By Nigel Rapport
Transcendent Individual argues for a reappraisal of where of the person in anthropolgical thought and ethnographic writing. A wealth of voices illustrate and tell the textual content, displaying ways that contributors creatively 'write', narrate and animate cultural and social existence. this can be an anthropology imbued with a liberal morality that is prepared to make worth decisions over and opposed to tradition in favour of individuality.
Rapport attracts generally on ethnographic and theoretic fabrics bringing into the controversy quite a number voices, between them Nietzsche, Wilde, George Steiner, Richard Rorty, John Berger and Anthony Cohen. In doing so he techniques individuality by way of a number concerns: organic integrity, realization, corporation, democracy, discourse, globalism, wisdom and play.
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Extra info for Transcendent individual : towards a literary and liberal anthropology
In short, he might be surrounded by the ‘actual facts’ of an objective historico-socio-cultural present, but he can transcend their brutishness, surpass a mere being-in-the-midst-of-things, by attaining the continuous possibility of imagined meanings. His experience cannot be reduced to objective determinants (cf. Kearney 1988:225–241). Imagination is the key in this portrayal: the key resource in consciousness, the key to human existence. Imagination is an activity in which human individuals are always engaged and it is through his imagination that an individual creates and recreates the essence of his being, makes himself what he was, is and will become.
Bruner and Weisser 1991:137). Moreover, in this sense, writing is universal—and always has been. Such ‘writing’ is the special preserve neither of certain cultures and times (literate versus non-literate), nor of certain social classes and occupations (professionals versus workers) (cf. Berger 1979:6). Indeed, there is even an argument to be made that such writing was fundamental to the evolution of our humanity; that reflecting on and giving meaning to experience in a sequential fashion enabled our forebears better to image, project and hence predict the possible behaviour of peers—based on a sense of their own narrational progression, an appreciation of the meanings behind their own actions (Humphrey 1982:476–7; Lewin 1988: passim).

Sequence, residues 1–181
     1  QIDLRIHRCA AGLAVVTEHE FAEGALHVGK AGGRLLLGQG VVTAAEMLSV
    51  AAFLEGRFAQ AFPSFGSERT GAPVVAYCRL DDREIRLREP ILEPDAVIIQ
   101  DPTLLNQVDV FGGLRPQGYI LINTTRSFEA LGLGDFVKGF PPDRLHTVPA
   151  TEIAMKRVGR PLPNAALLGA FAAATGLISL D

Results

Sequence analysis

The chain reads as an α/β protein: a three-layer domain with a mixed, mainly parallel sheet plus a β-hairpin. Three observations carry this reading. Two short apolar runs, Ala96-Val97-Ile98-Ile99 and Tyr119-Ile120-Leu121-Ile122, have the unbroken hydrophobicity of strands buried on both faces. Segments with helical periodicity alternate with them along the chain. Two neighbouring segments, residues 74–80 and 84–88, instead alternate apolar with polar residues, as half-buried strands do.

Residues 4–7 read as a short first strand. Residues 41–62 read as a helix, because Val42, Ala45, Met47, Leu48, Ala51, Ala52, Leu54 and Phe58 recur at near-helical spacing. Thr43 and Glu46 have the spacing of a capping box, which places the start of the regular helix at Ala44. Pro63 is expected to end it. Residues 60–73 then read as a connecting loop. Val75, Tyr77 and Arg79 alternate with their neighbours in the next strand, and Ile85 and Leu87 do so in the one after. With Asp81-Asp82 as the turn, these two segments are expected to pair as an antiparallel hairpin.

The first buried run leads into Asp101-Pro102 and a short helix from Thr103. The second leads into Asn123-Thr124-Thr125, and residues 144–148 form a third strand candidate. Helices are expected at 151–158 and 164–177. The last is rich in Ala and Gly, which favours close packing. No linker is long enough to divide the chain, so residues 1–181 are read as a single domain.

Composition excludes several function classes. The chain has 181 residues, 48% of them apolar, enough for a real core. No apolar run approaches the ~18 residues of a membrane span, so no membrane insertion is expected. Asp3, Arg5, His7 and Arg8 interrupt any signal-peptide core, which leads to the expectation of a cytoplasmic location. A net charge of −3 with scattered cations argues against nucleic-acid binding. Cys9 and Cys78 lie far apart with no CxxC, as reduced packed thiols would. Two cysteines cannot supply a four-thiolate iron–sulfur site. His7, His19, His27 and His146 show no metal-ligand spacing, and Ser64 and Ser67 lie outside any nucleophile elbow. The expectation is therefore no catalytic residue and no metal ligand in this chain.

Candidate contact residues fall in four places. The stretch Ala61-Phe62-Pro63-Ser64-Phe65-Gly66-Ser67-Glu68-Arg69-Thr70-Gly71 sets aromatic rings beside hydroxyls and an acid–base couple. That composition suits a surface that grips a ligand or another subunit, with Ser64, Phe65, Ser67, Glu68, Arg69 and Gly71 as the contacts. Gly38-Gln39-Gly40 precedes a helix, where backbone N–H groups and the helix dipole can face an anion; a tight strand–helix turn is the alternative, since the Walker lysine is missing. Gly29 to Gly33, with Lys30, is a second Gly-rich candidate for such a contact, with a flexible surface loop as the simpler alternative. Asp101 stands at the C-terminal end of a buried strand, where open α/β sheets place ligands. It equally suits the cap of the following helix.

Because they can imagine, human beings are transcendentally free; imagination grants human beings that ‘margin of freedom outside conformity’ which “gives life its savour and its endless possibilities for advance” (Riesman 1954:38). ); in Woolf s words, “something useless, sudden, violent; something that costs a life; …free from taint, dependence, soilure of humanity or care for one’s kind; something rash, ridiculous” (1980:180). For here is an act which, in its gratuity, surpasses rather than merely conserves the givenness in which it arises, which transcends the apparent realities of convention, which seems to resist the traditional constraints by which life is being lived.